PIVOT program changes direction of people’s lives
EDITOR’S NOTE: This is the fourth installment in a five-part series in The Review TImes about one woman’s journey through addiction to drugs and alcohol.
By LINDA WOODLAND
After nearly losing her arm to a flesh-eating disease she contracted from shooting up heroin, and then spending nearly six months in jail on a felony drug charge, Stephanie Smith of Tiffin believed she finally had a handle on her drug addiction.
That is, until she was released from jail and returned to everyday life without a support system in place.
Within days she was back using drugs, passed out behind the wheel of a car, hit a house and was charged with an OVI (operating a vehicle under the influence) offense.
She went before Tiffin-Fostoria Municipal Court Judge Mark Repp, who sentenced Smith to probation.
Smith said she was following it well and stayed off drugs for a long time.
Then she had a drink, which led to the next drink, and before long she went off the deep end.
“I was in a car with another person, and him and I had both just used (drugs) and passed straight out. We woke up to the police knocking at our windows. He was able to walk away that day. I had a warrant for my fines, so I went to jail where they gave me a drug test,” she said.
While in jail, Smith received Vivitrol, a once-a-month injection that curbs opioid and alcohol cravings. Her probation officer also approached her about joining the PIVOT program.
“When she described it to me, she said to me, ‘you need to try something different, Stephanie, you need something more.’ I was the first person to sign into the program.”
PIVOT (Progress In Victory Of Transition) consolidates certain drug court proceedings for the Tiffin-Fostoria Municipal Court and the Seneca County Common Pleas Court, involving Judges Steve Shuff, Repp and Michael Kelbley.
In order to consolidate drug court proceedings, Ohio law had to be changed. Repp, Kelbley and Shuff went to the Ohio Supreme Court and explained the program they wanted to implement. The state ended up allowing PIVOT as a five-year pilot program, changing Ohio’s constitution for Seneca County only.
Judge Repp told a group attending a H.O.P.E. meeting in Fostoria recently that while the name of the program is a little clumsy, it is really more symbolic of what the Seneca County court system is trying to do to change the direction of people’s lives.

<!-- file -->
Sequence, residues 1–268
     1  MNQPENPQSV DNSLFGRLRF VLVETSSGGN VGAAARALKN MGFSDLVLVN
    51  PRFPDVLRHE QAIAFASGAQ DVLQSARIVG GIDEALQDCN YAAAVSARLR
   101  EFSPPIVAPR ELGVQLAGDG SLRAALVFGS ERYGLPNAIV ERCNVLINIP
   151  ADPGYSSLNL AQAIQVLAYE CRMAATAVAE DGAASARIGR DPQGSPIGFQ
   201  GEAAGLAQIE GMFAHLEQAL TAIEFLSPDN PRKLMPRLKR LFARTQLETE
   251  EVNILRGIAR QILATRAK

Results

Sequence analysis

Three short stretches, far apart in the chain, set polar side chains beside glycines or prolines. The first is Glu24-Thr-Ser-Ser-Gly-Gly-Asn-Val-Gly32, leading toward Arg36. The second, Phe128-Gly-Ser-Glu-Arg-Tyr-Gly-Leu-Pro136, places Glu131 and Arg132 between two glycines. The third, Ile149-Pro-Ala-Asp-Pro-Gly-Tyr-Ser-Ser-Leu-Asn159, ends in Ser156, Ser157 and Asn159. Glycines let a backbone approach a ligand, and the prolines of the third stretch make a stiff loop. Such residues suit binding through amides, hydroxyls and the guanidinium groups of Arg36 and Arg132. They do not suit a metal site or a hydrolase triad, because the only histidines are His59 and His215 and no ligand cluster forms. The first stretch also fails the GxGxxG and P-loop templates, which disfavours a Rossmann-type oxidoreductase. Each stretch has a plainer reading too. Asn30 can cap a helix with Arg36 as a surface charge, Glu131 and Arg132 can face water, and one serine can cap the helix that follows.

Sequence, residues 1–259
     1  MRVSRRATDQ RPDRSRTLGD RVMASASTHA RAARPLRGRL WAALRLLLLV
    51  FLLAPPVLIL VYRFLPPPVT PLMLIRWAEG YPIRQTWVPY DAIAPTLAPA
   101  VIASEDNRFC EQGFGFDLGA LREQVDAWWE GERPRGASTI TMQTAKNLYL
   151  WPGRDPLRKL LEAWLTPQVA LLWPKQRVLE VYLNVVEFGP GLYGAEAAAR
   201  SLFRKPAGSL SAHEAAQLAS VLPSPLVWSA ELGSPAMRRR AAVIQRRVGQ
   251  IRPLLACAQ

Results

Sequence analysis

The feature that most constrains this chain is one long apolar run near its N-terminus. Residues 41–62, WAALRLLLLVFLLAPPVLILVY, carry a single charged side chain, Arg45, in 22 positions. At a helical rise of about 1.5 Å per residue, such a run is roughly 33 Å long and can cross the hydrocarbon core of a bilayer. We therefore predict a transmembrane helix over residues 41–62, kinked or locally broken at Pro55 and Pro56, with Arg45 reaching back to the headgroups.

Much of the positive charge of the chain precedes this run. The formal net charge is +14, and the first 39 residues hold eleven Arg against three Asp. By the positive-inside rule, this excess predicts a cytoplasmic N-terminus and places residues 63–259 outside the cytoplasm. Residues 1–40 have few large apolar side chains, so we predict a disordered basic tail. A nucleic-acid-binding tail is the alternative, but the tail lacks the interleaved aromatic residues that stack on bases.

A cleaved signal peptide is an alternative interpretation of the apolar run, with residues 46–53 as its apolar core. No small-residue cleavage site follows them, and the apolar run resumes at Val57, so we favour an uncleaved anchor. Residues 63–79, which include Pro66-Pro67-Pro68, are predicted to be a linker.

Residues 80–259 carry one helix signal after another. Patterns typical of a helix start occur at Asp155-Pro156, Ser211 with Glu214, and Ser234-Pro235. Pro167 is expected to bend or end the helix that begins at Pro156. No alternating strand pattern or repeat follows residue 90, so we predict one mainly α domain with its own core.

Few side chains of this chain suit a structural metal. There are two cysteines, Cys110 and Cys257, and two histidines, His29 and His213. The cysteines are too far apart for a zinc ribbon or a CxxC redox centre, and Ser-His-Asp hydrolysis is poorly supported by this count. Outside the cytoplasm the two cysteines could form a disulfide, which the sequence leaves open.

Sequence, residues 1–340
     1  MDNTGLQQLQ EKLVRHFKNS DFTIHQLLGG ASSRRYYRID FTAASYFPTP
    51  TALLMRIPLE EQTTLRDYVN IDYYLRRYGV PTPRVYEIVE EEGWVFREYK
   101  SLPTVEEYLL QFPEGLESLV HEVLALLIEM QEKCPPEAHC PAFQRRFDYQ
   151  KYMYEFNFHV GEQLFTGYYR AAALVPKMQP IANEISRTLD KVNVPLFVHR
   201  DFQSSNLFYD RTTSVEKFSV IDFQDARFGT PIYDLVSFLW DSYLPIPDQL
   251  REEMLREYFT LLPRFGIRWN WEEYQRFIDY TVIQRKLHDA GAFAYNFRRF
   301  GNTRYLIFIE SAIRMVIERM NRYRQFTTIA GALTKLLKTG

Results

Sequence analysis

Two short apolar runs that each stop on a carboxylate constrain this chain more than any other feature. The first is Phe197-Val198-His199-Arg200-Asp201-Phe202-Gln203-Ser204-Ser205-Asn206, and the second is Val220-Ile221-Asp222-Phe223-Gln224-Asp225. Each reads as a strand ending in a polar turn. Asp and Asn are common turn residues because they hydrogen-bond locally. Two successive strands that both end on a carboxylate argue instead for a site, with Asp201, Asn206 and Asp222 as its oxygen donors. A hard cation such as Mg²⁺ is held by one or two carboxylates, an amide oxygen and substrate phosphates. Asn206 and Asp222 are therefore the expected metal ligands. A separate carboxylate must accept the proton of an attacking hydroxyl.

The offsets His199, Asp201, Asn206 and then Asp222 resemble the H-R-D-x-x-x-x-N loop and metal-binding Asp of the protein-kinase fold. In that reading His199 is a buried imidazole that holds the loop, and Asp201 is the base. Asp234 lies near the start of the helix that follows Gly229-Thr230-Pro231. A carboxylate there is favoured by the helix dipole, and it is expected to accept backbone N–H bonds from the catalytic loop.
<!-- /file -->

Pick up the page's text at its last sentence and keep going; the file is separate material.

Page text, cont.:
“We have a room full of people and what we do is every Thursday morning we go over everybody that’s in PIVOT,” he said.
He explained that a team — which consists of the three judges, probation officers, prosecutors, defense attorneys, counselors, social workers and others — will go over every aspect of each person’s recovery and discuss how their counseling is progressing, if they had a clean drug screen, how they are doing, where they are living and how their relationships are going.
“Those are the kinds of things we are following up on every day,” he said. “This is not something you would typically get in a probation setting.” Repp said PIVOT is a pretty extensive 35-week program for participants and is broken down into four phases. The orientation phase is early on. Phase one is compliance, which is generally intensive outpatient treatment.
“We’re trying to use the least restrictive environment that’s going to be appropriate for that individual. So if we can get them in an intensive outpatient counseling program, that’s going to be helpful and going to do the trick, we will.“If we have problems, we can seek more restrictive environments. We have a number of resources that we use for those individuals who, for whatever reason, can’t seem to make the transition to sobriety,” Repp said, adding that the last resource is being thrown out of the program.
Of 40 people in the program so far, Repp said only two have dropped out.
EDITOR’S NOTE: Part five in this series looks at what one woman’s substance-free life looks like today after years of drug abuse.
Those seeking recovery from addiction can call Mental Health and Recovery Services Board of Seneca, Sandusky & Wyandot Counties’ 24/7 crisis hotline at 1-800-826-1306.